Tetanus Toxoid (TT) Immunisation during pregnancy can help directly transfer the infection protecting antibodies from the mother to the fetus. The vaccination taken by pregnant mothers can invariably protect the unborn and the newborn child until it receives its vaccination. 

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During which month of pregnancy should you take the Tetanus vaccine?

The World Health Organisation (WHO) time and again has emphasized the requirement of national policies and strategies appealing to high-risk countries to include maternal immunization for tetanus. 

In India, the central government’s National Immunisation Schedule (NIS) aims to vaccinate every single pregnant woman and eliminate neonatal tetanus mortality. 

With a focus to maximize the maternal antibody response and passive antibody transfer to the unborn fetus, the National Immunisation Schedule recommends the 2 doses of tetanus toxoid (TT) for unknown immunization status of pregnant women. 

  1. The first dose is to be taken immediately after pregnancy detection
  2. The second dose will be administered 4 weeks after the first dose.

If a mother received 2 TT doses during the previous pregnancy and gets pregnant again within 3 years, then only one TT dose is recommended. 

The WHO also recommends a third vaccine dose of TT (TT-booster) be administered after 6 months of the second dose. Mother gets extended protection for 5 years. 

If the pregnant mother has not received the tetanus vaccine previously during her pregnancy term, a TT vaccination at the time of delivery is a must.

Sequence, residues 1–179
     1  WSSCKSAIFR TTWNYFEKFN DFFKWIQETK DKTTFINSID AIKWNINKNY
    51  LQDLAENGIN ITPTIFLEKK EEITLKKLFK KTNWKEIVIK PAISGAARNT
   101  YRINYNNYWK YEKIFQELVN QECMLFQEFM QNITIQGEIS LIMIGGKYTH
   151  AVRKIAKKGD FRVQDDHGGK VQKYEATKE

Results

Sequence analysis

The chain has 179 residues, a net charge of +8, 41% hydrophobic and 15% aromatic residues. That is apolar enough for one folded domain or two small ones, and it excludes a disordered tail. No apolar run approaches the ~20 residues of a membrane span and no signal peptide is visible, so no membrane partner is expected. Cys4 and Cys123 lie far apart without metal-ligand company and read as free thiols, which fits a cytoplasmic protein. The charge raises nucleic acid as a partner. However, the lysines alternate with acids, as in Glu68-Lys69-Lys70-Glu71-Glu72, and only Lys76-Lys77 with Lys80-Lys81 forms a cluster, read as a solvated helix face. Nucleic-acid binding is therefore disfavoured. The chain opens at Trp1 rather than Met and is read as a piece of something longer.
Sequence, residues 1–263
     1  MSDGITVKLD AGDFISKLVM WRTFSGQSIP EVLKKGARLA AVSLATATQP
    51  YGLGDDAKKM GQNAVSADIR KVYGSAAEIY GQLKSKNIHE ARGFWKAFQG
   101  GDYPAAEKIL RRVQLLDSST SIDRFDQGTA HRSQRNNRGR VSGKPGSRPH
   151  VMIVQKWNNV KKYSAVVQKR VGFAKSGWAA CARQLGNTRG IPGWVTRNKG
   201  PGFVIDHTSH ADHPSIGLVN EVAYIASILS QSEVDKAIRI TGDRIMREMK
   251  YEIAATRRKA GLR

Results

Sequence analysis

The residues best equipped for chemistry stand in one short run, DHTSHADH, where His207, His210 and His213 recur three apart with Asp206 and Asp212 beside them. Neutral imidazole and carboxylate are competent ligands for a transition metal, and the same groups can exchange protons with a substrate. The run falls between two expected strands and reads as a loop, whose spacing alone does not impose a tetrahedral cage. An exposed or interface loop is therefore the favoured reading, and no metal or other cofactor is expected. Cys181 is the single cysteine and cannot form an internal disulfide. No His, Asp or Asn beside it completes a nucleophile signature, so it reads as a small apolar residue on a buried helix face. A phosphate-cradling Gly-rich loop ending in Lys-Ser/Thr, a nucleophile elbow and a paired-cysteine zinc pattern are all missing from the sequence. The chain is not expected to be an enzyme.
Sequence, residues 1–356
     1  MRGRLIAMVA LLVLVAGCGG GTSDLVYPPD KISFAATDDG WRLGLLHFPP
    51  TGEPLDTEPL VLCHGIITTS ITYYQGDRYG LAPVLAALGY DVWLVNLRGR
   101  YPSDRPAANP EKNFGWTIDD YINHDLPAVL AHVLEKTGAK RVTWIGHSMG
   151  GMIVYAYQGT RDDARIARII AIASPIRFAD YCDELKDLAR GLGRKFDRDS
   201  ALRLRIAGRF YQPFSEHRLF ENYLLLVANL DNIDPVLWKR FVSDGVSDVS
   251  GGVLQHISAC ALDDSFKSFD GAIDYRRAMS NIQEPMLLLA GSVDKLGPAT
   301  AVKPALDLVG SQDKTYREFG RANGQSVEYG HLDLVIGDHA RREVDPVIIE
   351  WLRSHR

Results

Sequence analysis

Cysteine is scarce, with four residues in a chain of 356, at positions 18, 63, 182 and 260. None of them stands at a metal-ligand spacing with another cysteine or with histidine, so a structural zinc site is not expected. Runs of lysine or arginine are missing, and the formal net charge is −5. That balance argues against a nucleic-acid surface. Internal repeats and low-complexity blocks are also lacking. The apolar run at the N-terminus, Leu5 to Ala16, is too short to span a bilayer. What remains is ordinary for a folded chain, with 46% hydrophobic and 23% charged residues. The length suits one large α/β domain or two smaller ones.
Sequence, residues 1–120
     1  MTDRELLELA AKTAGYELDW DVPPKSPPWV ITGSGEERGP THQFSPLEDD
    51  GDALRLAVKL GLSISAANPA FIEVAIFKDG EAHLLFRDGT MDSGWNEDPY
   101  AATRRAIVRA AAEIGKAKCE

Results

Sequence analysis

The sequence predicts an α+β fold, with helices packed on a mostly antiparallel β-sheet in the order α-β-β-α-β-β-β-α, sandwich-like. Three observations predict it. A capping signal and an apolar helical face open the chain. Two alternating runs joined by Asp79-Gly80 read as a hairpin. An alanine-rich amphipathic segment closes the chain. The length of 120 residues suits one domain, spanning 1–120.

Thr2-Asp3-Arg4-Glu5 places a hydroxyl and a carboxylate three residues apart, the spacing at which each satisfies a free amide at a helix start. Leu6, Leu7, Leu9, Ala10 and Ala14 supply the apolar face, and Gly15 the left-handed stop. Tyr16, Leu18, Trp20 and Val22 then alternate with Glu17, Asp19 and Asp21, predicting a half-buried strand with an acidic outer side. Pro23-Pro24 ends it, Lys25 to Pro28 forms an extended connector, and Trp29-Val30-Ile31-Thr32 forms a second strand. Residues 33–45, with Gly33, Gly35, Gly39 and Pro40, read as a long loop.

Tetanus Toxoid (TT) Dose during pregnancy When to give Dose, Route and Site
Tetanus Toxoid Dose 1 (TT1) Early in pregnancy Each dose of 0.5 ml is administered intramuscularly on the upper-arm region. 
Tetanus Toxoid Dose 2 (TT2) 4 weeks after TT1
Tetanus Toxoid Booster (TT- Booster) If received 2 TT doses in pregnancy within the last 3 yrs

What are the side effects of the Tetanus vaccine?

Concerned about vaccine safety? Let’s remind you after the mother receives the TT vaccination, 

  • Antibodies formed in the mother are transferred to the baby and protect the baby for a few months after birth. 
  • TT vaccination also helps prevent premature birth or delivery. 

The American Congress of Obstetricians and Gynaecologists also recommends tetanus Immunoglobulin because it causes no side effects to either the fetus or the mother. 


Tetanus can impact the nervous system causing muscle stiffness and spasms. Neonatal tetanus is one of the causes of neonatal deaths in newly born infants, affecting them 3-10 days immediately after birth. 

Vaccination is imperative and the only preventable option for tetanus and neonatal tetanus. Tetanus Toxoid (TT) immunization to pregnant women can transfer the infection-preventing antibodies to the fetus. Thus, protecting the child and mother against the adverse effects of tetanus. 

If you are expecting and yet to get the TT vaccination, reach out to your doctor to vaccinate against tetanus-causing bacteria.  


Overview | Vaccination during pregnancy: Today’s need in India

Somapika Dutta (B.Sc Physiology, Honours)
Somapikar holds Bachelors Degree in Physiology from University of Culcutta. She has 6+ years of experience writing in different niches, including health, tech and lifestyle. An animal enthusiast and a raging foodie, experiencing life - one day at a time.